Real & Resonant: The Music of Mark Schultz
by Matt Conner
If it’s real, it resonates.
Mark Schultz learned that valuable lesson early in his career, and it’s served as the rudder for his story-driven songwriting ever since. For nearly 20 years, Schultz has captivated audiences with melodies grounded in the lived-out narratives of the songwriter himself or those closest to him.
The stories are real and, because of that, they’ve resonated.
“When I first moved to Nashville, I remember having good melodies but the lyrics weren’t always cohesive,” says Schultz. “They didn’t make sense. When I first moved to town right after college, I played my songs for a music executive. He’d listen to half of a song and then say, ‘Go on to the next one.’ I thought, ‘Either this is really great news or really bad news!’ He said, ‘Lyrically, it’s just not catching me. I get hooked in for a second, but then you lose me.’”
The cure for Schultz’s lyrical woes came from an unexpected place: a book entitled How To Write A Hit Song. Schultz himself admits “it sounds like a joke but it’s true” but over the course of two days, he read the entire book and took its lessons about vulnerability and clarity to heart.
“I learned two primary things,” says Schultz. “The book said to write about what’s real, because what’s real resonates. Then it also said to make your lyrics like a traffic sign on the highway. If people are driving while listening to your songs on the radio, the kids will be screaming in the backseat, the driver will be drinking coffee or having a conversation and somehow you have to cut through all of that. Make them as clear as a traffic sign.”
The results were immediate. Schultz said he played at a mainstream music festival with a side stage for Christian music shortly thereafter and everyone immediately took to the song he’d written since reading the book.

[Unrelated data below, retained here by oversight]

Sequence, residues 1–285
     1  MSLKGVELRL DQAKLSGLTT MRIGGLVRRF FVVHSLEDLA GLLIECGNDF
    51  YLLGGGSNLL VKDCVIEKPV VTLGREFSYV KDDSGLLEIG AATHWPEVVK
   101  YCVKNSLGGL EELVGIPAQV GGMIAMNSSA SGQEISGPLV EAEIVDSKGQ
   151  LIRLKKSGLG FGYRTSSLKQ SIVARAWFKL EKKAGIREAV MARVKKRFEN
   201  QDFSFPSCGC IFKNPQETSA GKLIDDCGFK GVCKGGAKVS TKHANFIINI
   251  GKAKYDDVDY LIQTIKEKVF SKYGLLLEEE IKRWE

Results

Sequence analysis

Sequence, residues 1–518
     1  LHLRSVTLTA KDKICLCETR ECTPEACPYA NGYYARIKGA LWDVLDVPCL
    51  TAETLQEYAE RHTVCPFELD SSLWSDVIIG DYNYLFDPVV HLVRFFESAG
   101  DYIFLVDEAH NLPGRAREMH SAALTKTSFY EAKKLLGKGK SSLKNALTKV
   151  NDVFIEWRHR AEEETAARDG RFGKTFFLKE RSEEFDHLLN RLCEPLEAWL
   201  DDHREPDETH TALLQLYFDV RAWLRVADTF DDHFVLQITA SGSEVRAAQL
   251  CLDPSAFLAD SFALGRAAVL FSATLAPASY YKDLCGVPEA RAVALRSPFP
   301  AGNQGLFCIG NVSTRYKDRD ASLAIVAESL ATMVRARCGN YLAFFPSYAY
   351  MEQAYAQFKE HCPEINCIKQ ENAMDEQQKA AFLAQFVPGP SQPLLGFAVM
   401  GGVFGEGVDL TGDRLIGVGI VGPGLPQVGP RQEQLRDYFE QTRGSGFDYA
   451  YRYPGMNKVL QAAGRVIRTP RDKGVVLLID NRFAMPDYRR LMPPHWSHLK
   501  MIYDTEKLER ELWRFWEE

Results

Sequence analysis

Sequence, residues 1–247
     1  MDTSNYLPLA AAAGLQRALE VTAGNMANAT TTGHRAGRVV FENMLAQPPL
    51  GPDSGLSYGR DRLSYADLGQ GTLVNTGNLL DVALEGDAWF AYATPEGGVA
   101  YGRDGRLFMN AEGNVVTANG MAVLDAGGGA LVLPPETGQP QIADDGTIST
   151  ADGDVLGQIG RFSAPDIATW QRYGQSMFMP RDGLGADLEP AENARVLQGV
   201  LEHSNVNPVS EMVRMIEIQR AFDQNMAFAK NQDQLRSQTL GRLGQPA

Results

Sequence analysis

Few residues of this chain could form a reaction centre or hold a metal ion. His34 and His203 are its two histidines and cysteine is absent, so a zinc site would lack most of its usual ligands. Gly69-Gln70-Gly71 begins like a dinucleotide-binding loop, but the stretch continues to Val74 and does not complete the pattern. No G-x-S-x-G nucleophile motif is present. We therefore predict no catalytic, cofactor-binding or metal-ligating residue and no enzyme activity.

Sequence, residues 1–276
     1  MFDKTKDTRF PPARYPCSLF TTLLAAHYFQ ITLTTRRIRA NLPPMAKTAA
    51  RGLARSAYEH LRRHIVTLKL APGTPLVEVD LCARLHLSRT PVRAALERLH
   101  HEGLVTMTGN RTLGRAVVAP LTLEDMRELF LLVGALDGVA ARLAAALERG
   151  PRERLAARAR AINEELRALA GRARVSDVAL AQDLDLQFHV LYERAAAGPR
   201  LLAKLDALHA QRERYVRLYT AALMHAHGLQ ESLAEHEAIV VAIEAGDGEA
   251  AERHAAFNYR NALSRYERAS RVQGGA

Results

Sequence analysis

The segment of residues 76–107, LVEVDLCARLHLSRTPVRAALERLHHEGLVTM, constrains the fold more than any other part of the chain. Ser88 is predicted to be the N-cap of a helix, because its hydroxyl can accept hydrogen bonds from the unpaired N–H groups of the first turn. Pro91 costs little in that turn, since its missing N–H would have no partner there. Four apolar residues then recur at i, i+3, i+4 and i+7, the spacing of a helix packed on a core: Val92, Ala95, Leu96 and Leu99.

“I sang a song I wrote called “He’s My Son,” which is about a dad praying over his son who has cancer,” says Schultz. “I thought the only people who will want to listen to this song are the people in my church who I wrote the song about, you know? It was their story. But I noticed when I sang that song, people who were walking to other stages stopped and just stared. I thought, ‘This is it. This is how you do it. You write about what’s real and it resonates whether you’re into that genre or not.’”
Schultz recently released his latest album, Follow, a loaded live set that features a handful of fan favorites along with 9 new tracks—all of which follow the same instructions he learned after first moving to Music City. Schultz said they decided to record the album live because stories resonate even more when there’s an immediate audience for them.
“What I find that happens sometimes when I write a song that’s really special is the hairs on the back of my neck stand up or tears run down my face. Then when you play the song live and you’re sitting close to people, the best gift I can give people is to get as close to that original feeling that I had and give it to them. The best gift they can give back to me is that they feel and sense it. You know they’re on the same page.”